There are seven massage therapy schools in South Dakota that state officials have approved. Many of them are in Rapid City and Sioux Falls.
Private colleges and academies offer occupational certificates, which require less than one year to earn. Curricula involve classes, labs, and clinics.
Most South Dakota massage therapists do not make as much money as their peers in other states. However, the job-growth rate is comparable to the national average and exceeds that of most occupations. Officials project about 20 job openings in the field every year during the decade ending in 2026.
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This government agency, a division of the state Department of Health, regulates massage therapists and establishes criteria for postsecondary schools.
The board issues MT licenses to state residents who successfully complete educational programs at accredited, approved schools. It ensures that license applicants pass a required exam, and that practitioners periodically renew their licenses and obtain continuing education.
To receive state approval, a school must comply with state requirements concerning curriculum components and faculty qualifications.
The governor appoints five board members, four of whom are licensed to practice massage therapy in the state.
Obtaining a high school diploma or GED is the initial step to become a massage therapist in South Dakota. Taking college-level classes in health, science, and business may help win admission to schools with competitive enrollment policies. Next, a student needs to enroll in an accredited training school that satisfies state requirements.
The board approves institutions that offer programs with 500 or more clock hours of instruction and training. This must include at least:
The remainder of curricula is at individual schools’ discretion. Some programs cover a wide range of massage techniques, while others provide additional instruction for students who plan to open massage businesses.
Upon graduation, a prospective practitioner must pass the National Certification Exam for Therapeutic Massage (NCETM), the National Certification Exam for Therapeutic Massage & Bodywork (NCETMB), the NBCA Massage Therapy Certification Exam, or the Massage and Bodywork Licensing Examination (MBLEx).
Fees for the computer-based tests range from about $200 to $275. Students need to register with one of the exam providers, and request that results be sent to the state board.
Most people take the MBLEx, which the Federation of State Massage Therapy Boards administers. Students take the multiple-choice exam at Pearson VUE testing centers.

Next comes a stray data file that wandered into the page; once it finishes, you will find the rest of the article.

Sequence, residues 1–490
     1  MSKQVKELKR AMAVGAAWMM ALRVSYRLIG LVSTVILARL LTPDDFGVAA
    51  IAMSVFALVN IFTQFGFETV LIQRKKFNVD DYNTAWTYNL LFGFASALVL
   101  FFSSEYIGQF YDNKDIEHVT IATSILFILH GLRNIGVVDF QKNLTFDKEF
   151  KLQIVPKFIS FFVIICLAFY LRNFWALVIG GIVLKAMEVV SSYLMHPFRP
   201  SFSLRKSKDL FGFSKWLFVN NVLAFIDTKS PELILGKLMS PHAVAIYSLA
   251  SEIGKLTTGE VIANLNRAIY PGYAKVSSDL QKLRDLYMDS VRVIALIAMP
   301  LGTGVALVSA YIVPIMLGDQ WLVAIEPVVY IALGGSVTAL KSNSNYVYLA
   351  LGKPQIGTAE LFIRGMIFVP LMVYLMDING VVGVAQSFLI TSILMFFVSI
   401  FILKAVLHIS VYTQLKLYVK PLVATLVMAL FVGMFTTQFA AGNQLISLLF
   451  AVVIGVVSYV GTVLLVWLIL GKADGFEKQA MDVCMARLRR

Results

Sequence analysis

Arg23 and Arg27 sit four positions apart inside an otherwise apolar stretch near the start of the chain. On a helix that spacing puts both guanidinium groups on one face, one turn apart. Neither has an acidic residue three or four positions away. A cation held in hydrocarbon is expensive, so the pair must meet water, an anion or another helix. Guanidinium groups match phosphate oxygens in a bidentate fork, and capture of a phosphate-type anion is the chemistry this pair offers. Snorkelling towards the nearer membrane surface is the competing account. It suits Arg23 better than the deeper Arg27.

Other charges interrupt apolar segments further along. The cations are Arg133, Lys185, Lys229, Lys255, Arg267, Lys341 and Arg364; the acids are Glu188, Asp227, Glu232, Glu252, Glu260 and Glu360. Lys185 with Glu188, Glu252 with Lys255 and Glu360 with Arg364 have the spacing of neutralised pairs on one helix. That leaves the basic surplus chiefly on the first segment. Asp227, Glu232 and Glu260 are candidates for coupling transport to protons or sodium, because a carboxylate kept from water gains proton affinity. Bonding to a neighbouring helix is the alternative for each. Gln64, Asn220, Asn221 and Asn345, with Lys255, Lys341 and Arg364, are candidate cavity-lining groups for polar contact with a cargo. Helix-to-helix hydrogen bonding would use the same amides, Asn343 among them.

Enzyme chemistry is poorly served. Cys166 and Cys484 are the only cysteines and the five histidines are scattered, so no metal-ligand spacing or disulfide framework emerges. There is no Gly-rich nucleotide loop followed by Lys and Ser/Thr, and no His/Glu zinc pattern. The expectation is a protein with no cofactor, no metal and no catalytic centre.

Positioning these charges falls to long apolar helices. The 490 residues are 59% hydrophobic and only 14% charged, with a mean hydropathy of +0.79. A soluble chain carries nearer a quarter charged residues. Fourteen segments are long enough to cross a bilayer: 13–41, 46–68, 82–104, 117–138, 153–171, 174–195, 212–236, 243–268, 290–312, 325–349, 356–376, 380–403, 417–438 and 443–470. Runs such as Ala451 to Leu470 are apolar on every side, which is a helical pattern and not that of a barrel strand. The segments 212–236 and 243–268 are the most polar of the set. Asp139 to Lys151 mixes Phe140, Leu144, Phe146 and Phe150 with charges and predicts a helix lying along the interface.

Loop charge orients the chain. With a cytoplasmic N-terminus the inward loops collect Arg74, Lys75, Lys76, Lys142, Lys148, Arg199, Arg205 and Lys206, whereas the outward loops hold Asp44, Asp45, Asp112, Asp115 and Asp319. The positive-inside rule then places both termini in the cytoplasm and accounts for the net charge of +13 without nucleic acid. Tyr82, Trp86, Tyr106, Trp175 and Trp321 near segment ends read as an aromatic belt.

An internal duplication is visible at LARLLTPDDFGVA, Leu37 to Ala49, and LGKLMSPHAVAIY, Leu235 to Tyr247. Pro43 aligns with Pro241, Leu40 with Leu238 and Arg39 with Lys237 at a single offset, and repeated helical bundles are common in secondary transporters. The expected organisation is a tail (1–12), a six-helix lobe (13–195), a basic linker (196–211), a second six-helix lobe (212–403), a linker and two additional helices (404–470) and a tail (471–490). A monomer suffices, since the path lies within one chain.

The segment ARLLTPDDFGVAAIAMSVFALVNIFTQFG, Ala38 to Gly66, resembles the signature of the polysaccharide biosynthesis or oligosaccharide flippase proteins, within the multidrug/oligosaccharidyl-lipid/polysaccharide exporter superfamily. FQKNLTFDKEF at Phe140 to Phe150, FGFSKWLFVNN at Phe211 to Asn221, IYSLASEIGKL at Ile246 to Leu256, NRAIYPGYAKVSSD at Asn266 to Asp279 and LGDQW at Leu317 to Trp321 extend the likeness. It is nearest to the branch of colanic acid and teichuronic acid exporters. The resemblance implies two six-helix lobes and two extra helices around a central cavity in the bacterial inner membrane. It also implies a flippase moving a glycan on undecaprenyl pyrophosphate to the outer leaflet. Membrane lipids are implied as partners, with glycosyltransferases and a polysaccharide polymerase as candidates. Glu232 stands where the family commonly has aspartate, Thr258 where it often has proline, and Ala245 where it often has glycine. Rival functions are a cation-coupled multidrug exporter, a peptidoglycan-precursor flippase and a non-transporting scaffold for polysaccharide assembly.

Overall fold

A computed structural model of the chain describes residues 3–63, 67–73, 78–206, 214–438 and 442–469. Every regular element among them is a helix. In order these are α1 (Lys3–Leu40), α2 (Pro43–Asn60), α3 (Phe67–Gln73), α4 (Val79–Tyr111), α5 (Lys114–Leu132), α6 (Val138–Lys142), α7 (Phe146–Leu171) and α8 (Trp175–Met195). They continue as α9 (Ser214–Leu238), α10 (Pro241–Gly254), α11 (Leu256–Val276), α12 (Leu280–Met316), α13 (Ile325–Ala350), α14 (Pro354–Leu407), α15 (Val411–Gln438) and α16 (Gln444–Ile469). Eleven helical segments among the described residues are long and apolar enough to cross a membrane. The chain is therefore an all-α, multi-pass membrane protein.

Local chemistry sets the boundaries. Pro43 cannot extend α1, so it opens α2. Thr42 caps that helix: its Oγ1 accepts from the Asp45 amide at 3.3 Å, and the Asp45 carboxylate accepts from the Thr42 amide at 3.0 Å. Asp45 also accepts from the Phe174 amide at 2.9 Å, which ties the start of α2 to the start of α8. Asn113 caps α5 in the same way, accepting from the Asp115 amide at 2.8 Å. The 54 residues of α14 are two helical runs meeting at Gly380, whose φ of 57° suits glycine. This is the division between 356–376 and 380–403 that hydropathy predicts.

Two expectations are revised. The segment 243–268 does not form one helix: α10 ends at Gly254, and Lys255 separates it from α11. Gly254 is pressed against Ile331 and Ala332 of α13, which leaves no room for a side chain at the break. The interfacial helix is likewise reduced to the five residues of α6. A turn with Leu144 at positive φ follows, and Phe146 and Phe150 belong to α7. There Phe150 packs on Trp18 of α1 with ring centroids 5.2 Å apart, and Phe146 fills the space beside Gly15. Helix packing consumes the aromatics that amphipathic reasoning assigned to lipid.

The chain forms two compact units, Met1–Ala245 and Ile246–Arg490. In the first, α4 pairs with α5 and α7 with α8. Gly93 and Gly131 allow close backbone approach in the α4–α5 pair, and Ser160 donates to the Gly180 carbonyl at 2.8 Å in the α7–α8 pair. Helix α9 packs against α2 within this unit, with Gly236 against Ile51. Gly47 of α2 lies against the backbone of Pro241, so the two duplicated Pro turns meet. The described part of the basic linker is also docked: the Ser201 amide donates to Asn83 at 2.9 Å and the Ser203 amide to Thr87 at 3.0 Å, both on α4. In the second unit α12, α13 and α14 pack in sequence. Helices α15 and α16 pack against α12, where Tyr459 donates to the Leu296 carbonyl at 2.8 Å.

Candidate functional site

License renewal is required every two years, which involves eight hours of continuing education. The courses may be online, but the board must approve them and their providers.
We selected the schools below based on the programs that they offer, accreditation, student population, graduation rate and reputation.
View our Ranking Methodology to learn more about how we rank schools.
This private, for-profit cosmetology school in Rapid City provides “flexible schedules in a relaxing and soothing environment.” In addition to an associate degree in cosmetology, the college offers certificates in esthetics, nail technology, and massage therapy.
The MT program involves 600 clock hours. Students attend eight hours of daytime classes, Monday through Thursday, for about 18 weeks. They may begin the curriculum in either January or July.
BHBC maintains a 100 percent acceptance rate, but accepts a limited number of students. The school’s student-to-instructor ratio is 12:1.
This small, private beauty school in Rapid City awards certificates in the same fields as BHBC. The 750-hour massage therapy program specializes in Swedish massage. It also features an “introduction to a wide variety of massage, including reflexology.”
The program is available only full time, with day classes. Students give full-body and five-pack massages at an on-campus salon, and perform community service by administering 24 hours of free massages.
The school has a 100 percent acceptance rate, enrolling qualified applicants on a first-come first-served basis. The student-to-teacher ratio is 10:1. Classes start in February, July, and October.
The typical South Dakota practitioner receives more than $30,800 annually or nearly $15 hourly, less than the national median of over $41,400 a year or about $20 per hour.
The best-paid 10 percent in the state make more than $50,300 or about $24.20, not as good as the U.S. median of around $78,300 or $37.60. The lowest-paid 10 percent receive about $23,400 or $11.25 in South Dakota, better than the national average of over $21,300 or around $10.25
Positions for massage therapists in this state totaled 140 in 2016. The field will expand to 180 jobs by 2026, based on federal Bureau of Labor Statistics projections. That would be a growth rate of 25 percent, about the same as the anticipated 26 percent nationwide.
Sources: U.S. Bureau of Labor Statistics, CareerOneStop
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